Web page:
W3C home > Mailing lists > Public > public-evangelist@w3.org > December 2002

Re: W3C Home page switched to full CSS layout

From: Jim Ley <jim@jibbering.com>
Date: Thu, 5 Dec 2002 17:45:25 -0000
Message-ID: <02c801c29c86$17a909e0$ca969dc3@emedia.co.uk>
To: (wrong string) ėl-Massieux" <dom@w3.org>
Cc: <public-evangelist@w3.org>, <site-comments@w3.org>

>Le jeu 05/12/2002 =E0 18:04, Jim Ley a =E9crit :
>> Firstly of course, it's XHTML, so SHOULD be being served as
>> application/xhtml+xml but is not. How do we evangelise W3C Notes if
even
>> the W3 ignore the SHOULDs they contain?
>
>It is my intention to make sure this will evolve, thanks to the trick
>documented at
>http://lists.w3.org/Archives/Public/www-archive/2002Dec/0005.html

My browsers sends accept headers including "application/xhtml+xml; q=0"
There's nothing more I can do as a client to make it clear that I do not
support, and therefore cannot render XHTML in an appropriate manner, I do
support text/html.  Why will the W3 not send me an HTML representation of
their homepage, why insist on XHTML 1.0?

>But we need some wider experiment before that (as you know, some quite
>widespread browsers do not support application/xhtml+xml)

Indeed, and many do not support  application/x-chickens  that's why we
have the accept-headers!  There's no lack of browser support of HTML 4.01
so, indeed it's difficult to find a UA that will have any problems with
it unlike the xhtml, why not serve it?  Rather than work at trying to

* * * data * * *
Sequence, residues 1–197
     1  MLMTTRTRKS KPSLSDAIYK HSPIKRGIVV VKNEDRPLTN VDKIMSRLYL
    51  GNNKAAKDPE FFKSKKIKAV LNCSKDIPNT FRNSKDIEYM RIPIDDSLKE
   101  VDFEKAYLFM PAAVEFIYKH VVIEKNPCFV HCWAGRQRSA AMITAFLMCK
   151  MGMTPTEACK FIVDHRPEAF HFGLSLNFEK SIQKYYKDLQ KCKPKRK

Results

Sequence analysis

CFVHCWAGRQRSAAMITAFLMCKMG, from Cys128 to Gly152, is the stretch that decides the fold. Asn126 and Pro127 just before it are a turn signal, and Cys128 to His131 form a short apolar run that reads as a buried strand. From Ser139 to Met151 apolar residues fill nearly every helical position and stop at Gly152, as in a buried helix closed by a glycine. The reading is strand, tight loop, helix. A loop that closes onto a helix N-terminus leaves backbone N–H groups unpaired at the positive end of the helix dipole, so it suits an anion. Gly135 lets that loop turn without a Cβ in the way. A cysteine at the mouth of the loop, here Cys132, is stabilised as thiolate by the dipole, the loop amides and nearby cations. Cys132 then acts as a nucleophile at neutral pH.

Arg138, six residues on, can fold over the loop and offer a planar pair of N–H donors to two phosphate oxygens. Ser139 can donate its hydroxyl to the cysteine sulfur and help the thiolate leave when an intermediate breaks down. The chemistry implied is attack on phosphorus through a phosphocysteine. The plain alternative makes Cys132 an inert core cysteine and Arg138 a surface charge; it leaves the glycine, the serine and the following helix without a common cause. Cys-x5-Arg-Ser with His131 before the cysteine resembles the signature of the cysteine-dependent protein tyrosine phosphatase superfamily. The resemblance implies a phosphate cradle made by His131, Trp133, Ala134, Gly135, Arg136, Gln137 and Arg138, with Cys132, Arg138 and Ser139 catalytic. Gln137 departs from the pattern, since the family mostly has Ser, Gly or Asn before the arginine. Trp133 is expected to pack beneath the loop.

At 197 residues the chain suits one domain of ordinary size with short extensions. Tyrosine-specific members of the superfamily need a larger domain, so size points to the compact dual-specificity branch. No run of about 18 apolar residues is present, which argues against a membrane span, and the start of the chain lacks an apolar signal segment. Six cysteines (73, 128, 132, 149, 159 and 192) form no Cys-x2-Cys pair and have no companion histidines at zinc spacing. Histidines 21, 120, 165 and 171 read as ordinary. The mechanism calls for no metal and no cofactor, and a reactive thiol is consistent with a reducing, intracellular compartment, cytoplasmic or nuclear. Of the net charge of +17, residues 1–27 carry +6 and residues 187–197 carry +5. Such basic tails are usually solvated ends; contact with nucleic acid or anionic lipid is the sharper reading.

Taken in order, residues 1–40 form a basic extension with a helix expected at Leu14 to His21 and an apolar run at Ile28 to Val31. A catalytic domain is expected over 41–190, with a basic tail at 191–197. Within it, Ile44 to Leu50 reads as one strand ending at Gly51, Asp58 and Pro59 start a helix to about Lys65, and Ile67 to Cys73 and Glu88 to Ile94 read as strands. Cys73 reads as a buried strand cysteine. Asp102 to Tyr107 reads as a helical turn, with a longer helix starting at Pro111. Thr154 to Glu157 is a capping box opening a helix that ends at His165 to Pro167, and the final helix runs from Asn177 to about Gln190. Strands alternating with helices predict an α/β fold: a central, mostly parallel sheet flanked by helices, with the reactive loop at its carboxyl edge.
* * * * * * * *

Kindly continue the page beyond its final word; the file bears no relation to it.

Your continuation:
match Appendix C, which as we see later, is already causing difficulties.

>> Beyond that, in what way is W3C an Acronym?

>It is, W3C stands for World Wide Web Consortium. It's not a standard
>acronym, but remembers that's the point of using <acronym> and <abbr> is
>to help people understanding the underlying text, much more than to
>determine if something is an acronym, an abbreviation, a geekism, etc.

It is an abbr surely, so use the appropriate markup - I do not want my
speech agent to attempt to say "W3C" as a word, it's not going to do a
good job of it.  I realise that you're using acronym for browser support,
but I see no point in breaking the semantic meaning of a element purely
to get a particular visual representation in some browsers.

>> Why are classes being used as
>> purely presentational not semantic classes (e.g <span
>> class=3D"invisible"> )

>More generally, I could tell you that the fact the class is called
>"invisible" doesn't mean anything, but in the mind of the conceptor of
>the page. What if I told you that by class=3D"invisible" we meant "links
>to skip navigation blocks"?

Of course, my issue is that the name is suggestive of a particular visual
rendering, and that the span in question was there purely for the
presentational effect.

<span class="invisible"><a class="bannerLink"
title="Skip introductory links and the mission statement"
href="#technologies">Skip to Technologies</a> | </span>

Is the pipe character really useful to the situation where's it would be
"invisible", would not normal whitesapce be better, especially as the
UA's I'm aware of will distinguish the link as a link in any case, so

<a class="bannerLink invisible"
title="Skip introductory links and the mission statement"
href="#technologies">Skip to Technologies </a>

Would've been appropriate and would've included purely presentational
elements, this is what's done elsewhere with the <p class="invisible">
... </p>  I also think another name would've been appropriate just to
stop people thinking it was presentational.

My criticisms were intentionally petty, the page has to be beyond any
complaint.

Cheers,

Jim.
Received on Thursday, 5 December 2002 12:47:06 GMT

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